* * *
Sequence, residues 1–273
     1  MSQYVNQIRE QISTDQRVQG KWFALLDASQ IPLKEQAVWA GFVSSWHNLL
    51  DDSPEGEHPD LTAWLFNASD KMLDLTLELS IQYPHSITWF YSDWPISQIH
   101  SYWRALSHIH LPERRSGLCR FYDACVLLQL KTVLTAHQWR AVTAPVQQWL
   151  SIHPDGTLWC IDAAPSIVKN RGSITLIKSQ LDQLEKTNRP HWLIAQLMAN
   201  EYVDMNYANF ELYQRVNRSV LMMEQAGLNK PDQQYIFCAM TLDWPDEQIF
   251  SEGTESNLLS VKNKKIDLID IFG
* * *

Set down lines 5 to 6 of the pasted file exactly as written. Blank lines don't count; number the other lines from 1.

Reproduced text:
   151  SIHPDGTLWC IDAAPSIVKN RGSITLIKSQ LDQLEKTNRP HWLIAQLMAN
   201  EYVDMNYANF ELYQRVNRSV LMMEQAGLNK PDQQYIFCAM TLDWPDEQIF